CAP TOWN - Cricket South Africa are confident they won’t be getting any ‘death stares’ from sports minister Fikile Mbalula next month. The organisation has fulfilled their mandate as far as the transformation targets for the men’s national team are concerned.
There may still be some who will question how they came up with the system that measures the participation of black players across all three formats, over the course of a season, rather than on a match-by-match basis, but even those critics would be hard-pressed to question CSA’s sincerity.
It was with much brouhaha that Mbalula announced last April that CSA, SA Rugby, Athletics SA and Netball SA would not be allowed to bid for international events to be hosted in South Africa because they had not fulfilled the transformation criteria they had agreed to with the Department of Sport and Recreation through the Eminent Persons Group.
All of those sports federations are set to report back to Mbalula and the EPG next month, where the data from the last year will be reviewed and made public. In the meanwhile Mbalula has been quick to throw the government’s support behind SA Rugby in its bid to host the 2023 World Cup even though the transformation targets haven’t been reviewed yet.
Perhaps like last year’s announcement, Mbalula’s public support is just another attempt to distract from the horrendous cock-up that was the removal of Durban as the host city for the 2022 Commonwealth Games. No heads have rolled for that failure even though R118-million worth of taxpayers’ money appears to have disappeared down the drain.
Last year Mbalula’s very public admonishing of those sporting codes seemed to be a not-so-subtle tactic to grab attention away from the ANC’s woeful local government election campaign.
But the minister’s outrage looked meaningless then and looks even more so now given the enthusiasm that the government is showing to support SA Rugby in its bid to host the World Cup in six years’ time.
By using it as a political tool, what Mbalula’s actions did last year was to devalue the very important work being done around transformation.
Nevertheless in Cricket SA’s case the organisation took very seriously the minister’s sharp criticism - whatever its motives - and the body held a series of meetings with the EPG to understand better how it arrived at its findings. To say cricket officials were bamboozled last year would be an understatement. Privately many just laughed at how the EPG came up with and then presented its figures.
It was not just enough to laugh it off though. They had to show they could work within the parameters of what the EPG required and more importantly, especially in cricket’s case, genuinely expand the game in a manner in which excellence was underscored at the same time as opportunities to play the game were being provided.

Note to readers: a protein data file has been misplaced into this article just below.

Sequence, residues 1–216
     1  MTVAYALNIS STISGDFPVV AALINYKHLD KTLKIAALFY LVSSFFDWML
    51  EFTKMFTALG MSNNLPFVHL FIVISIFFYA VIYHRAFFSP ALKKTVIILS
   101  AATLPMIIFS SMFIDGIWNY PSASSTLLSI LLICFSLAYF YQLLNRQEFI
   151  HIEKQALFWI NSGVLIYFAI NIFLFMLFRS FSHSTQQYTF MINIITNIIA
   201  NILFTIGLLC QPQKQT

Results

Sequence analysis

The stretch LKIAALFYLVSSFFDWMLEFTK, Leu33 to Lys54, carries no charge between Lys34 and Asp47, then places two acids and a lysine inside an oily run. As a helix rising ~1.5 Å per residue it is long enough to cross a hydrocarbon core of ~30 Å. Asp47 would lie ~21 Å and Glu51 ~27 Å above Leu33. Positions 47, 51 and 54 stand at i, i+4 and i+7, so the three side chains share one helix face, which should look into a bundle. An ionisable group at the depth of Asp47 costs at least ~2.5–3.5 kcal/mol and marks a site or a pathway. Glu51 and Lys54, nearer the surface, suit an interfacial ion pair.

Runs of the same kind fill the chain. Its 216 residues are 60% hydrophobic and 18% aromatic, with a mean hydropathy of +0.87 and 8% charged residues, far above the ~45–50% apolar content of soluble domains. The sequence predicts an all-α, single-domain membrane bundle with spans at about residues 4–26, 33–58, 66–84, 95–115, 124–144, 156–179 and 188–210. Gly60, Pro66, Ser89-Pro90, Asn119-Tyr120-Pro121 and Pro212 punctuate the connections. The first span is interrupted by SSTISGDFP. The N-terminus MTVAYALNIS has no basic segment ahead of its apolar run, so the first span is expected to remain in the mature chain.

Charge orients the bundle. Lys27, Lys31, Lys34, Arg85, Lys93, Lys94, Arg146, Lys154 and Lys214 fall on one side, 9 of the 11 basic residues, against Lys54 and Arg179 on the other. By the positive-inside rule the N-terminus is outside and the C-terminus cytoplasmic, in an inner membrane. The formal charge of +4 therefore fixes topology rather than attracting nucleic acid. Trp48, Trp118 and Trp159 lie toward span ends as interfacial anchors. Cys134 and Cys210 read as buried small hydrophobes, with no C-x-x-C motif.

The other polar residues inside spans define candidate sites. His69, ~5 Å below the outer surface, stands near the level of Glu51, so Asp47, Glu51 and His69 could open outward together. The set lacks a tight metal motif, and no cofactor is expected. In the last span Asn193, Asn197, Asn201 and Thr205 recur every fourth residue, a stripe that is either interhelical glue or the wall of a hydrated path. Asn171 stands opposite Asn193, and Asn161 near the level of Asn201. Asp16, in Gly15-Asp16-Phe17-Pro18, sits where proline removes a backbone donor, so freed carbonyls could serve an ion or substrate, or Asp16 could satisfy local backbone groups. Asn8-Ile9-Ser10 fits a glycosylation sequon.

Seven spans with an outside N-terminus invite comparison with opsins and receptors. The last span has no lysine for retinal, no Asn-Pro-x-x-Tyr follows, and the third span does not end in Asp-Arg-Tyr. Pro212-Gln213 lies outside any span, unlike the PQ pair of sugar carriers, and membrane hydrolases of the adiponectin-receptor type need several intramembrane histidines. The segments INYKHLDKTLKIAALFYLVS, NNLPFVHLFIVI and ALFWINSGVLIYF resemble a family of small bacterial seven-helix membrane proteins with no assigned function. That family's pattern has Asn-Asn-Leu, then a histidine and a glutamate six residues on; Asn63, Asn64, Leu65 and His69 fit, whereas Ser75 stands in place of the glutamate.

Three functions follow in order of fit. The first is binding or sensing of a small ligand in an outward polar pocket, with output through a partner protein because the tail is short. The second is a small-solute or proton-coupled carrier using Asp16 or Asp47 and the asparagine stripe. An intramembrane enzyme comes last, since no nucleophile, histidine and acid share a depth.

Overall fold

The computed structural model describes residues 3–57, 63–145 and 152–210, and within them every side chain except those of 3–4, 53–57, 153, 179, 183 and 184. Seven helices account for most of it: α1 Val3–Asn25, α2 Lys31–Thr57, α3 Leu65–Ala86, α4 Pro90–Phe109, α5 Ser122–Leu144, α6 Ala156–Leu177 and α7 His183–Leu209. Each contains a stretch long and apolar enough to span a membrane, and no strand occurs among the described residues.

Cricket South Africa had been working towards that for a few seasons and naturally there were bumps along the way. Most notably in the 2015/16 season when CSA received a letter from black African cricketers who were unhappy with the manner in which they were being treated, while later that season certain white cricketers threatened a boycott feeling that they were likely to lose their places at provincial and franchise level and thus their means of income.
Cricket SA have pressed ahead with the transformation targets domestically and that has had an impact on the national team, particularly this season.
Lungi Ngidi and Andile Phehlukwayo have both made an impression at international level. And domestically Sibonelo Makhanya has established his credentials for the Dolphins in the limited overs formats while Aviwe Mgijima has slowly made himself almost indispensable at the Cobras.
Good white players have risen to the fore too, most notably Aiden Markram at the Titans, while Duanne Olivier, Theunis de Bruyn and Heinrich Klaasen have all been given a taste of the Proteas set-up.
None of which is to say everything is suddenly hunky-dory.
Cricket South Africa still has a lot of work to do to ensure players are given opportunities at franchise level and this season it’s apparent that the establishment of a seventh franchise is essential - something which a review of the domestic game undertaken earlier this season, recommended.
Cricket South Africa had set targets for the national men’s team to play an average minimum of 54 per cent black players and average minimum of 18 per cent black African players over the season.
They have exceeded those targets - black players have averaged 55.51 per cent over the season and black African players 19.15 per cent.
The lowest number of black players to start an international for the Proteas this season was four - in the third ODI against Australia last October - while the highest number to feature was eight in the final T20 against Sri Lanka in January.
We’ll know soon how Mbalula assesses those developments, but it is crucial his faux anger is set aside, for the work being done by sports bodies regarding transformation is a very serious business indeed.